Sierra Club's Position On Hydraulic Fracturing
All natural gas production, including deep shale gas, should be governed by a robust and effective regulatory structure; all gas should be produced using rigorous best management practices to limit environmental damage.
The Club opposes all coal-bed methane extraction because it poses unacceptable risks to water quality in shallow aquifers. The following provisions apply to deep shale gas: First, the Sierra Club opposes frac’ing projects if the identity and volume of frac’ing fluids are not fully disclosed to the public.
Second, the Club opposes any projects using frac’ing fluids that pose unacceptable toxic risks.
Third, the Club opposes any projects that do not properly treat, manage, and account for frac’ing fluids, drilling muds, and produced water. Frac’ing should not be permitted unless it can be demonstrated that drinking water aquifers and surface waters are adequately protected from contamination.
Fourth, the Club opposes frac’ing projects that would endanger water supplies or critical watersheds, seriously damage important wildland resources, significantly increase habitat fragmentation, imperil human health, or otherwise violate the Club’s land conservation policies.
Fifth, the Club opposes any frac’ing projects that would cause violations of air quality standards, individually or cumulatively.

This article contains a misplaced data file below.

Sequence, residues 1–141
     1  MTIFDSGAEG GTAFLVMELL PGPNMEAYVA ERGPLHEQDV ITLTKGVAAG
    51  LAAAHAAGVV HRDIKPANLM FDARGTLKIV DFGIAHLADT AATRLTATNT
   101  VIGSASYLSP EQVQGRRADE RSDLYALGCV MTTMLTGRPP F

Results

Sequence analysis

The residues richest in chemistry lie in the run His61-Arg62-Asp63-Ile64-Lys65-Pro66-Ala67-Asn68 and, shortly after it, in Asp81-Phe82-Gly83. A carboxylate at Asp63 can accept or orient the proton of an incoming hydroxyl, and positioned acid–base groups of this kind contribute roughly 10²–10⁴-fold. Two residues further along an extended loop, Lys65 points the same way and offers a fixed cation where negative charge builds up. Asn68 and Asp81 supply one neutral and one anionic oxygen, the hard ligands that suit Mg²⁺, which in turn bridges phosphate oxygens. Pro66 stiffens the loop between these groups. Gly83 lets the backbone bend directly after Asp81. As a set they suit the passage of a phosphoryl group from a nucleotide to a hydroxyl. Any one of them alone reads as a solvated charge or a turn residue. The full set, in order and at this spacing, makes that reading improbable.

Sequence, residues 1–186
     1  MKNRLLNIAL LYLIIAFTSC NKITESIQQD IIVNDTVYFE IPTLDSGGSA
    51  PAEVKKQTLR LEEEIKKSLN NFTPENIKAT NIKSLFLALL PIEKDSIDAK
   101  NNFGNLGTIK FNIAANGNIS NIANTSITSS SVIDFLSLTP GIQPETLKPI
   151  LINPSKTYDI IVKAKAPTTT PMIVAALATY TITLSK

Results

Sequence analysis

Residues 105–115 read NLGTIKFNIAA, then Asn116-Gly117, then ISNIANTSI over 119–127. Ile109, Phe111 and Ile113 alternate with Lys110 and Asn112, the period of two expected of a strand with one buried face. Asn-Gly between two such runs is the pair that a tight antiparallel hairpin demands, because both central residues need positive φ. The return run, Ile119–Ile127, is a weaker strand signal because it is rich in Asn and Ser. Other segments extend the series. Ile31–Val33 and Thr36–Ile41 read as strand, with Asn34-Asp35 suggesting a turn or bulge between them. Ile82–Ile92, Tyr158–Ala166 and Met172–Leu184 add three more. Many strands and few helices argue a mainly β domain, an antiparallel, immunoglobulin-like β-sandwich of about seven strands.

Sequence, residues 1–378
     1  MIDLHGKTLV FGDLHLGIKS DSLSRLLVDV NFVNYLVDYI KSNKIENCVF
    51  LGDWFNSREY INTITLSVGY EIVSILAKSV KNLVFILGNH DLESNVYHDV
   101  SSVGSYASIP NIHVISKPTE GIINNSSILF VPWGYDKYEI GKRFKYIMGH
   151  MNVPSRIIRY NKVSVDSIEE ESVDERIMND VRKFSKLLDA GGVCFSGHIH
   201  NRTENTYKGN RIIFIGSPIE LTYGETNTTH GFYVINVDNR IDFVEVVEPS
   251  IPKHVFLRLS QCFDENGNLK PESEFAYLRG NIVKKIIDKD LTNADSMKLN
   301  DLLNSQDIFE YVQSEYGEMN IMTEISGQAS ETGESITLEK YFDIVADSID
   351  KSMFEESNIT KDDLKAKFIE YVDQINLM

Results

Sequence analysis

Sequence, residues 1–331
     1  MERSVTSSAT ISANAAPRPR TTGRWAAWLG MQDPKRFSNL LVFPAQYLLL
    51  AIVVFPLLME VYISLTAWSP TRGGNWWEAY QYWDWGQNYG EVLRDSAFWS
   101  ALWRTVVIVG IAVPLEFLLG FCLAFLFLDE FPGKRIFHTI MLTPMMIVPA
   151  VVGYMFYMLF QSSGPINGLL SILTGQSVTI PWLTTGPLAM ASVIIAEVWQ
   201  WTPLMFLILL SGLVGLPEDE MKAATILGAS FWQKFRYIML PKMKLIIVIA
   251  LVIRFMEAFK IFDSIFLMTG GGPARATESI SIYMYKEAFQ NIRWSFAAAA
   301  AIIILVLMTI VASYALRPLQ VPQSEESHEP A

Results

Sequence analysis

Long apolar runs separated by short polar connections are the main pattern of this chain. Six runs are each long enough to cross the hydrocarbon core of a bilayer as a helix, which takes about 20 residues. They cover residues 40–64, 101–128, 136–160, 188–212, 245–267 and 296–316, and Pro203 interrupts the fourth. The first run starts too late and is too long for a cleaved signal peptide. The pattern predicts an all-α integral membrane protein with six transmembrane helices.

Finally, as the industry matures, a series of best management practices will emerge, some already identified, some evolving with time. These best management practices should, to the maximum extent possible, be swiftly incorporated into regulatory requirements as they are developed.
The Club opposes any unconventional or conventional drilling projects that do not comply with best management practices, even in regions where state or federal law may permit lower standards of environmental management.
Article I, section 27 of the Pennsylvania Constitution states:
"The people have a right to clean air, pure water, and to the preservation of the natural, scenic, historic and esthetic values of the environment. Pennsylvania's public natural resources are the common property of all the people, including generations yet to come. As trustee of these resources, the Commonwealth shall conserve and maintain them for the benefit of all the people."